BATON ROUGE, La. (AP) — Louisiana hasn't seen a surge in voter registrations in the days since thousands of convicted felons saw their voting rights restored.Data from the secretary of state's office shows no uptick in the number of felons who registered to vote in February compared to the number who signed up in March, when the law loosened and made an estimated 36,000 more felons eligible to vote.

"It's kind of ironic. For all the talking and all of the chatter surrounding the law and the implementation, it looks very similar to what we saw the month prior," said Tyler Brey, spokesman for Secretary of State Kyle Ardoin. "We'll continue to watch it."

Louisiana legislators voted last year to allow people on probation or parole for a felony to register to vote if they haven't been incarcerated for at least five years. The new law took effect March 1. Thousands more people were deemed to meet the definition than some lawmakers said they expected when they debated the measure.

Seventy-eight felons had their voting rights reinstated in February, compared to 68 in March, according to the data. Brey said the secretary of state's office cannot determine which of those who registered in March were able to register because of the law change.

The true test of interest from those newly enfranchised under the law may come in the summer and fall as the Oct. 12 statewide election nears — when the governorship, six other statewide positions and all 144 state legislative seats will be on the ballot. The deadline to register to vote in that election is in September.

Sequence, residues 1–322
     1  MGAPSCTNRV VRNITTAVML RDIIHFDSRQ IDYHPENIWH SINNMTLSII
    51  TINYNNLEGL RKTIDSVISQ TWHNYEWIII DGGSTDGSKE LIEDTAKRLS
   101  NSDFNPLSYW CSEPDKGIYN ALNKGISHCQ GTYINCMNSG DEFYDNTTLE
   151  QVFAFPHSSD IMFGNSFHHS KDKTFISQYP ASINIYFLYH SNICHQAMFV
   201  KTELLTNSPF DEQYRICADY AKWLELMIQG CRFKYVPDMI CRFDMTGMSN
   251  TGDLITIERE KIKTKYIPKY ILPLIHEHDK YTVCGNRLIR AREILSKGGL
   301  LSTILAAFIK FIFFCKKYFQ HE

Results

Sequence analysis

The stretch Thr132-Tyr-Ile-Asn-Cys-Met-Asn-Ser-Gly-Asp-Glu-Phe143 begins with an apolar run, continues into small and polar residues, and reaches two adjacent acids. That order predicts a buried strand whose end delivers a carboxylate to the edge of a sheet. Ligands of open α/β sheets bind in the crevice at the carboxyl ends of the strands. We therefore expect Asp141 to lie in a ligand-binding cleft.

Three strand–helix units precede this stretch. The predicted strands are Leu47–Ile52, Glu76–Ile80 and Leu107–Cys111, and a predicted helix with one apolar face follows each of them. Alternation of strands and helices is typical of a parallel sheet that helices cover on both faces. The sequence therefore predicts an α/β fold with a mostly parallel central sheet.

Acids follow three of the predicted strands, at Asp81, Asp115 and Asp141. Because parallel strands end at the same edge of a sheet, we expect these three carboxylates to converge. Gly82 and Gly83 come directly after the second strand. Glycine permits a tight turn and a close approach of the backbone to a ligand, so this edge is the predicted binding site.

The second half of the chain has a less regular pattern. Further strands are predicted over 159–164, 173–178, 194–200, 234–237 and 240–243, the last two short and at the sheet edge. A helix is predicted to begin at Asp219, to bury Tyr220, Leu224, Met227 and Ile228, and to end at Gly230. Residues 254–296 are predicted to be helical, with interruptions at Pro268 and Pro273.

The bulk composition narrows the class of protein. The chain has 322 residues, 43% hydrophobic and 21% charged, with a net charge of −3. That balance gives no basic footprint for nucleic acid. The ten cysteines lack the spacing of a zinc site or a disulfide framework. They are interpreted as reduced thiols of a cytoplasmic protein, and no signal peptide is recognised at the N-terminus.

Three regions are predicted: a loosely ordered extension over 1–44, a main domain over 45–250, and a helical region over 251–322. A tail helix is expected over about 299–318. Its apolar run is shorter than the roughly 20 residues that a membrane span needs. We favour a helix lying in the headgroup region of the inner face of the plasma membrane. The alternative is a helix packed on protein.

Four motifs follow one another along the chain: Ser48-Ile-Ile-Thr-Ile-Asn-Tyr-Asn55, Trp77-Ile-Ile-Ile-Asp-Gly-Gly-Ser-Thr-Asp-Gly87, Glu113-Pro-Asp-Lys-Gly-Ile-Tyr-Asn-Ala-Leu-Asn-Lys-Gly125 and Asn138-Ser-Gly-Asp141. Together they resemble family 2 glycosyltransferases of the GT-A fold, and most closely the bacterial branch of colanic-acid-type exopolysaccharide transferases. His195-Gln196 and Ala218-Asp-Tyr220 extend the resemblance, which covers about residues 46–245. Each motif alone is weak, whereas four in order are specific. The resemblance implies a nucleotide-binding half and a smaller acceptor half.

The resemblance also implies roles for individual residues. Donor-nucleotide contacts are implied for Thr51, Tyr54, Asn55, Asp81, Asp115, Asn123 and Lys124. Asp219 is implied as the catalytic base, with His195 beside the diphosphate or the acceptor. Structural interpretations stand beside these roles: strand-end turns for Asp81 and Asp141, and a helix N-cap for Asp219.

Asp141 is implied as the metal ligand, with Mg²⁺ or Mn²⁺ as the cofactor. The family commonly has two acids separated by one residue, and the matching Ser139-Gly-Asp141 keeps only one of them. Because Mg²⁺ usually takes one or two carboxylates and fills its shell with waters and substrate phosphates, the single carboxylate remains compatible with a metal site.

Supporters of the felon voting rights restoration fought for years to win passage of the law. Some backers criticized the roll-out of the law change, saying officials have done too little to reach out to the potential voters and the multistep registration process is too complicated.

Under plans devised by elections and corrections officials, felons have to get a form from their probation or parole officers and bring that to their local registrar of voters office to sign up to vote in the next available election. Officials said the process follows requirements in law.

Rep. Patricia Smith, the Baton Rouge Democrat who sponsored the felon voting rights measure, has filed a proposal for the upcoming legislative session to remove the in-person registration requirements.

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